Leese helped to launch the project last night during a ceremony at the Town Hall: another testament to civic pride, itself scattered with bees, from the coats of arms rendered in stone to the mosaic flooring. He was joined in speeches by Mike Blackburn OBE (North West BT regional director and GM LEP chairman), Lord Mayor Eddy Newman and Wild in Art co-director Charlie Langhorne, who - aside from making plenty of bee puns - talked about the value of art to health and wellbeing: 79% of those surveyed, for instance, said that art trails get them out walking.
Perhaps the most touching story, however, concerned a previous Wild in Art trail called Snow Dogs - based in and around Newcastle - which unwittingly affected the life of a recluse. A series of traumatic events had led him to remain housebound for eight years but, when a Snow Dog was placed near his house, he was compelled to go out and see it. Venturing ever further, he eventually saw all the Snow Dogs (no easy feat considering they were scattered throughout Tyne and Wear) and is now on the road to recovery.
While the Snow Dog stats are undoubtedly impressive - 676K visitors, £16.5m brought to the region, £367K for charity - it’s tales like these that truly highlight the power of art to inspire and bring us together.
Sally-Ann Wilkinson, co-director of Wild in Art, said: "Bee in the City will become Manchester's buzzword, attracting many new partnerships and collaborations to create a very special event. It promises to connect, inspire, and bring huge benefit and enjoyment to all communities through the power of our city's creativity."
Any organisations interested in sponsoring the event should contact Julie Gaskell, Head of Partnerships at Wild in Art: email@example.com - a full sponsorship pack can be found on at beeinthecitymcr.co.uk @beeinthecitymcr.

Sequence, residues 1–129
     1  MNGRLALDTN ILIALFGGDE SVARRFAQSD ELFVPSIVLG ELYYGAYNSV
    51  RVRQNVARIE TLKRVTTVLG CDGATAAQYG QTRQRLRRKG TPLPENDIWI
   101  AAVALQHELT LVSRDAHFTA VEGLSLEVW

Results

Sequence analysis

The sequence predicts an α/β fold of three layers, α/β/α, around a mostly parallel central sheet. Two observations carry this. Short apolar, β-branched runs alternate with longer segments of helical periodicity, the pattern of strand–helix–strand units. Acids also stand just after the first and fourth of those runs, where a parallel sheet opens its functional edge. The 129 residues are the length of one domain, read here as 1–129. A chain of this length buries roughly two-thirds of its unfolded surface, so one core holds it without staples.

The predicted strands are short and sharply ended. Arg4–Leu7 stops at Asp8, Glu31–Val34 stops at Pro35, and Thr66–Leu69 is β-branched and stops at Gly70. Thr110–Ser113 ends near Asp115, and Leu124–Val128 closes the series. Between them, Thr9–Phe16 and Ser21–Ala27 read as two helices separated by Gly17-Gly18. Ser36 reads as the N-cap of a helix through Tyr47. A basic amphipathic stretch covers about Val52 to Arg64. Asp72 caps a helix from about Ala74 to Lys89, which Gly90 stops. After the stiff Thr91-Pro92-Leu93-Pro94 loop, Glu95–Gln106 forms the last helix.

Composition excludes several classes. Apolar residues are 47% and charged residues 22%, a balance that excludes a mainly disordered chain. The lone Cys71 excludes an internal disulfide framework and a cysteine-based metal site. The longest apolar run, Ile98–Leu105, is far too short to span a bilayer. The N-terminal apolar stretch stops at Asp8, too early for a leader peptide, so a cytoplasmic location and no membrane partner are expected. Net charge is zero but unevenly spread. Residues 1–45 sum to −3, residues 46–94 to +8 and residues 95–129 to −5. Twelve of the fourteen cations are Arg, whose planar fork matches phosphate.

Did you know...?
- Honeybees are social insects and live in colonies with a ‘social hierarchy:’ including a queen, drones and workers
- Honeybees have been producing honey for over 100 million years. They are so industrious they produce much more than they can eat - good news for us…
- In their short lives, the workers genuinely are busy bees and have many jobs: they feed the queen and larvae, guard the hive entrance and maintain a cool environment in the hive by fanning their wings. They even shape the honeycomb in which the queen’s eggs are laid
- Honeybees flap their wings around 11,400 times per minute - thus producing their distinctive humming noise
- Worker bees are all females. They are the smallest bees and there can be up to 60,000 of them in a single colony. They are not developed for mating: only the queen mates, with the male drones
- Larvae are fed with royal jelly (produced by worker bees), later switching to honey and pollen. One lucky larva is fed solely on royal jelly and she will develop into a queen bee
- Bees only sting if provoked and workers sting intruders as a form of defence
- The workers have career progression! They initially only work inside the hive, eventually becoming foragers out in the wild
- Unfortunately, bee colonies are rapidly declining. As a key effect of bees collecting nectar to make honey is pollination - important for flowering plants - it’s a problem we need to address